MADISON, Wis. (AP) — Republicans are nearly finished with reshaping the Wisconsin state budget to reflect their priorities and drop much of what Democratic Gov. Tony Evers has proposed.
With the budget-writing Joint Finance Committee set to finish its work as soon as this week and send the budget to the full Legislature, here’s what is in, what is out and what is yet to be decided.
K-12 SCHOOLS: Schools would receive a $500 million spending boost over the next two years. That is less than the $639 million they got in the previous budget and a fraction of the $1.4 billion Evers wanted. Funding for special education would go up $50 million, 90% less than the $606 million Evers wanted.
UNIVERSITY OF WISCONSIN: The UW System would get $58 million, $45 million of which would only be released after lawmakers approve of how the university intends to spend it. That’s far less than university officials expected after weeks of discussions with lawmakers, below the $60 million cost-to-continue and short of the $150 million Evers proposed. Republicans did agree with Evers’ call to continue the tuition freeze, already in its sixth year, for at least two more years.
ROADS: Republicans proposed spending $484 million on roads, less than the $624 million Evers wanted, paid for with a mixture of cash, borrowing and higher fees for titling and registering a car. The definition of hybrid car would also be reworked so a $75 fee, already in law, could be applied to them.
PAY INCREASES: State workers will see 2% annual pay increases each of the next two years, just as Evers proposed.
HEALTH CARE: Republicans approved a $77 million increase for the Wisconsin Shares program that provides money to working parents for child care, $30 million more for nursing homes, an additional $37 million for personal care workers and $27 million more for direct caregivers in the Family Care program.
MEDICAID EXPANSION: Republicans rejected Evers’ plan to expand Medicaid, a move that would have put an estimated 82,000 more people on the program, saved the state $324 million and leveraged $1.6 billion more in federal money. But Republicans said they didn’t want to put more people on public assistance. Expanding it would have also handed Evers a huge political win, delivering one of his central campaign promises on an issue that Democrats say propelled him to victory over Scott Walker.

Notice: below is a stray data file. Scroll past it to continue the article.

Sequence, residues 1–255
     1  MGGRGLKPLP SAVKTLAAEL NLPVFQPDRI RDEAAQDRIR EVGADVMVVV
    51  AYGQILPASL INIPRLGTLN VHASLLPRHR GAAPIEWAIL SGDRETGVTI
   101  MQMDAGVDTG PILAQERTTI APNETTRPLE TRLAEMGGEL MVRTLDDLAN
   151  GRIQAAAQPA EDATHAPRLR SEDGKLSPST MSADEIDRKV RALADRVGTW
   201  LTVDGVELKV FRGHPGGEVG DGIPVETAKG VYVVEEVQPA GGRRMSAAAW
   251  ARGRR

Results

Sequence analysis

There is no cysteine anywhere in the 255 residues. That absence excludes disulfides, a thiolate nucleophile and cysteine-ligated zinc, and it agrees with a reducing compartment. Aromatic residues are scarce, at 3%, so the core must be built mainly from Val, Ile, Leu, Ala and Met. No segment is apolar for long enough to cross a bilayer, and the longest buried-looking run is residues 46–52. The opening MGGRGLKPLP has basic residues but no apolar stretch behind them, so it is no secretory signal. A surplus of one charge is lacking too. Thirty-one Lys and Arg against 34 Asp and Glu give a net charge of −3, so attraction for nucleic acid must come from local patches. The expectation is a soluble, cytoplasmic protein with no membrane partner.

MARIJUANA LEGALIZATION: Evers wanted to legalize medical marijuana and decriminalize small amounts of recreational pot, but Republicans snuffed it out.
VOUCHER SCHOOLS: Evers wanted to freeze enrollment in private voucher schools and block any new independent charter schools. Republicans love school choice, so they killed these proposals as soon as they could.
GAS TAX INCREASE: Evers wanted to raise it about a dime over the next two years as part of a long-term plan to pay for road construction and repair. Republicans said the 32.9-cent per-gallon gas tax is high enough already and killed the plan, opting instead for higher fees, cash and borrowing.
IMMIGRANTS: Proposals to allow immigrants living in the U.S. illegally to pay in-state tuition, and to get driver’s licenses, were spiked by Republicans.
REDISTRICTING: Evers called for creating a nonpartisan redistricting process for the next time the Legislature has to draw political boundary lines following the 2020 census. Republicans favor the current system, which they will control if they maintain the majority in the Legislature.
MINIMUM WAGE: Evers called for raising the minimum wage from $7.25 to $10.50 by 2023 and tying subsequent increases to inflation. Republicans nixed it.
MANUFACTURING TAX CREDIT: Evers wanted to all but eliminate a tax credit for manufacturers that Republicans enacted under Walker and that they credit with spurring economic growth. Evers was counting on more than $516 million in savings from reducing the tax credit to pay for his income tax cut plan, but Republicans rejected his proposal.
WHAT’S TO COME:
TAX CUTS: Evers proposed a 10% middle class income tax cut, similar to one Republicans passed earlier this year and that Evers vetoed. The rub was over where the money was coming from to pay for it. Republicans are still talking about cutting taxes, but which ones and by how much remains to be seen.
BUILDING PROJECTS: Republicans punted in March on recommending which of the $2.5 billion in proposed building projects across the state should be funded, and by how much. That broke with precedent and leaves the budget committee with no recommendation as it figures out how much money there is to fund projects across the state, including $1.1 billion the University of Wisconsin wants.
STEWARDSHIP: Evers’ budget reauthorizes the state Department of Natural Resources stewardship program through mid-2022. The DNR uses stewardship funding to purchase land for the state and help conservation organizations purchase land. Republicans have criticized the program for running up too much debt and taking too much property off tax rolls.
E-CIGARETTES: Evers wants to impose a new tax on e-cigarettes and vaping products, higher than what is placed on traditional cigarettes and tobacco products. Republicans haven’t said what they plan to do.
LARGE ANIMAL FARMS: Republicans are considering moving regulation of Wisconsin’s largest animal feeding operations from the Department of Natural Resources to the Department of Agriculture, Trade and Consumer Protection. Evers opposes doing that, but some dairy and farm groups support moving regulation to the agriculture department. Evers is also seeking higher fees for concentrated animal feeding operations, known as CAFOs.
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